Thursday, January 5, 2012


Laos, one of the world's few remaining communist states, is one of east Asia's poorest countries. Since the collapse of the Soviet Union in 1991 it has struggled to find its position within a changing political and economic landscape.

Communist forces overthrew the monarchy in 1975, heralding years of isolation. Laos began opening up to the world in the 1990s, but despite tentative reforms, it remains poor and dependent on international donations.

The government has implemented gradual economic and business reforms since 2005 to somewhat liberalize its domestic markets. In 2011, it opened a stock market in Vientiane as part of a tentative move towards capitalism.

Economic growth since the 1990s has reduced poverty levels to some degree, but Laos still relies heavily on foreign aid and investment, especially from Japan, China and Vietnam.

The Asian currency crisis of 1997 caused the national currency, the kip, to lose more than nine-tenths of its value against the US dollar.

Laos is a landlocked, mountainous country, widely covered by largely unspoilt tropical forest. Less than 5% of the land is suitable for subsistence agriculture, which nevertheless provides around 80% of employment.

The main crop is rice, which is grown on the fertile floodplain of the Mekong River. Vegetables, fruit, spices and cotton are also grown. Part of the region's heroin-producing "Golden Triangle", Laos has all but stamped out opium production.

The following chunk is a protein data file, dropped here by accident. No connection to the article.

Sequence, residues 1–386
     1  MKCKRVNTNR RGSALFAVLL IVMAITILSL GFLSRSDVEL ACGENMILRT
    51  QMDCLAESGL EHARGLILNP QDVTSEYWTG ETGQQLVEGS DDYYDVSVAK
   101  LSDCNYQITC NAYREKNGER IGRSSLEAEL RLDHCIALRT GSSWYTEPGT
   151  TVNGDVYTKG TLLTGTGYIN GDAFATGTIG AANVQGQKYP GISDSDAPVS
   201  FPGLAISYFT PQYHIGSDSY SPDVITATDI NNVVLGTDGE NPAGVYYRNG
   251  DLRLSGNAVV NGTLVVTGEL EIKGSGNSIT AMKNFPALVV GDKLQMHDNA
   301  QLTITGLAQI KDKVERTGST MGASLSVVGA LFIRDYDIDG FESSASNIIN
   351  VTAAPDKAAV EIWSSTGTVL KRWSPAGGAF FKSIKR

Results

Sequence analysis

Outside the capital, many people live without electricity or access to basic facilities.

But Laos is banking on the anticipated returns from the $1.3bn Nam Theun 2 dam scheme, which was inaugurated in 2010 and is intended to generate electricity for export to Thailand, to boost its economy and infrastructure.

A further significant upgrade to Laos' infrastructure is expected from the construction of the first high-speed rail line between China and Laos, on which work was due to start in early 2011.

Public dissent in Laos is dealt with harshly by the authorities, and the country's human rights record has come under scrutiny.

Laos denies accusations of abuses by the military against the ethnic minority Hmong. Hmong groups have been fighting a low-level rebellion against the communist regime since 1975.

    * Full name: Lao People's Democratic Republic
    * Population: 6.4 million (UN, 2010)
    * Capital: Vientiane
    * Area: 236,800 sq km (91,400 sq miles)
    * Major languages: Lao, French (for diplomatic purposes)
    * Major religion: Buddhism
    * Life expectancy: 66 years (men), 69 years (women) (UN)
    * Monetary unit: 1 new kip = 100 ath
    * Main exports: Clothing, timber products, coffee, gold, copper, electricity
    * GNI per capita: US $1,040 (World Bank, 2010)
    * Internet domain: .la
    * International dialling code: +856

President: Choummaly Sayasone
Choummaly Sayasone, the head of the ruling communist Lao People's Revolutionary Party (LPRP), was appointed by the National Assembly in 2006 and re-appointed in June 2011.

His re-appointment for another five-year term marked a continuation of the authoritarian status quo in one of the world's most tightly controlled countries.

He was the only candidate nominated by the powerful politburo of the LPRP.

He succeeded Khamtay Siphandon as president in June 2006.

He took over the party leadership from the octogenarian former president a few months earlier.

The LPRP is the only legal political party in Laos.

Mr Sayasone is seen as a staunch ally of his predecessor, who served three terms and oversaw the country's entry into the Association of Southeast Asian Nations (Asean) in 1997.

Choummaly Sayasone, who was born in 1936 in southern Laos, is a former defence minister and vice president.

From : BBC News